On the human side of the tree, one of the biggest issues is the question of context. AI models only operate with the information they have been given. They have no contextual understanding of what the training or input data represents or how the model will be used.
Another problem is the question of expectation. How do you manage users’ expectations for what a model can be expected to do? Any misalignment between what a model is trained for and what the user intends to do with it will lead to a negative experience, or worse, in high stakes situations.
Clarifying the role of the user, or as many participants called it, “human in the loop” presents another set of challenges. At what point is the user given an opportunity to intervene and make a decision? There are two schools of thought here. Some people feel the perfect model shouldn’t require additional user input. Others say no model can ever be perfect.
“There will be edge cases the model wasn’t trained for. A good self-driving car should ask if you want to hit the grandmother or the children.”
Nearly everyone mentioned the problem of “model explainability”. Models that are not explainable cannot be questioned. There are three different levels of user requirement for model explainability: 1) the AI researcher designing a new machine learning algorithm; 2) the data scientist trying to build and evaluate a model; 3) the end user who uses an AI feature to support their decision making.
“When you disagree with the output you want to see why the model reached the conclusion it did, and most importantly override it.”
— UX Designer
People need to trust models before they will use them. Trust depends on a combination of explainability, confidence, accuracy, and reliability. One participant pointed out that there is a “trust spectrum” as requirements for trust change according to contextual issues. What is the user’s prior experience with the model? Are they using it in a high or low-risk environment?
On the technological side of the tree, the biggest and most difficult challenges had to do with data. On the one hand, AIs require a LOT of training data. In a business context, historical data can simply be unavailable, unstructured, unreliable or noisy. It can also be skewed and biased, over-representing some things and under-representing others.
Data that is considered good today may not be good tomorrow. Left to itself, without ongoing retraining, model quality tends to drift downward. Business, like science, medicine, and most domains, does not stand still. Models also have to adapt to changing times.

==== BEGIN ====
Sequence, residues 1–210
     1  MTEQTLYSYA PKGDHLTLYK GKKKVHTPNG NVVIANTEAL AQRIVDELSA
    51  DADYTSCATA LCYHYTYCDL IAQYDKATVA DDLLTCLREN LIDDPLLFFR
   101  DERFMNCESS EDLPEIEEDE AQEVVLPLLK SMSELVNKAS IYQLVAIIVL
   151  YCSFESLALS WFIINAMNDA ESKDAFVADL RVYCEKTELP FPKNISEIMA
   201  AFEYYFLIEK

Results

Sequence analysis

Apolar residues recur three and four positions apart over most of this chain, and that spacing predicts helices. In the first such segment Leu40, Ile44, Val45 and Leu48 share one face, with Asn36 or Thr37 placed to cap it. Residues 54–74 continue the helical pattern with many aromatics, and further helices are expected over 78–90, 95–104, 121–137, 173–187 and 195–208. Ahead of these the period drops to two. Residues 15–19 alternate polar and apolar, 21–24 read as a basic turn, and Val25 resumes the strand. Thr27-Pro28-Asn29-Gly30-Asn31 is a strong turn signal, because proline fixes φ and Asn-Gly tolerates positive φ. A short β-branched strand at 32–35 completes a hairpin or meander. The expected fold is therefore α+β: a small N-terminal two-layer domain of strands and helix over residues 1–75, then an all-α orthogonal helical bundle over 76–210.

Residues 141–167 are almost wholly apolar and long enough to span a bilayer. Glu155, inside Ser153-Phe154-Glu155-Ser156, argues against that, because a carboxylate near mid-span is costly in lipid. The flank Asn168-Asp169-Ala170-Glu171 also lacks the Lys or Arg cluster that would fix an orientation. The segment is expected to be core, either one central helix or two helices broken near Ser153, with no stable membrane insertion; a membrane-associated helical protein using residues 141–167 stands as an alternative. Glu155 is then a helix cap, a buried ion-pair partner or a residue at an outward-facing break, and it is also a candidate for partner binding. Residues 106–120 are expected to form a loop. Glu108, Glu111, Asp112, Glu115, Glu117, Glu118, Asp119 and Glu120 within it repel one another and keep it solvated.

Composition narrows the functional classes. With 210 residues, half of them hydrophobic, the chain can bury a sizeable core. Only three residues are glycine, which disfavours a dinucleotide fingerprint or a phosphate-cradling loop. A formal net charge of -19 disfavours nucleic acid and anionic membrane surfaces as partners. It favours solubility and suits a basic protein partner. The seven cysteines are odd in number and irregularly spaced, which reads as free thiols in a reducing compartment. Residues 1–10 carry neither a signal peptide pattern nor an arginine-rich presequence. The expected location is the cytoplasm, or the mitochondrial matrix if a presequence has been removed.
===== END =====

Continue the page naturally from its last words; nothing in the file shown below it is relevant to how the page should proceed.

“You might make a machine learning model for diagnosing cancer, but everything we know about cancer changes every five years.”
— System architect
It is clear that AI has come a long way in recent years and continues to grow at an exponential rate. But human factors and real-world challenges may prove to be the bottleneck for full adoption. Business users will continue to rely on conventional visualizations and dashboards for some time to come.
How were these findings received?
We presented this research at the IEEE-VIS 2019 conference in Vancouver in October (the international conference for data visualization research and practice). We thought a provocative title would be like red meat for a room full of data visualization professionals. It was.
Here are some highlights from the Q&A session after our talk:
- Trust and bias are key, for human and AI systems alike. One person mentioned that she prefers to see the speedometer when someone else is driving so she can intervene if the speed limit is breached.
- Another thread of discussion focused on whether an AI can ever know enough to really make sound decisions.
Complexity and consequences
- There is an interplay between trust, complexity and the severity of the consequences. One person said he was comfortable with an elevator handling everything but the floor selection, but would need much more information about how an autonomous car was operating.
Can visualization save AI?
- Some argued that promotors of AI conflate it with magic and ignore ethical concerns. One person referenced the recent Boeing flight disasters, and pushed for a ‘human in the group and computer in the loop’ approach where the AI helps facilitate human to human interaction.
- There were compelling arguments for data visualization driving AI transparency and explainability.
The final word
This is a snapshot of what people in late 2019 are thinking about AI and data visualization. We’ll revisit the question in the future to see how the industry is transforming.
So does AI mean data visualization is dead? The answer is no, not by a long shot. But we did say at the beginning that we are data visualization fanatics so our opinion could be a little biased.
Stephen O’Connell, Afrooz Samaei, Anne Stevens, and Jamie Waese are UX designers at IBM based in Toronto, Canada. The above article is personal and does not necessarily represent IBM’s positions, strategies or opinions.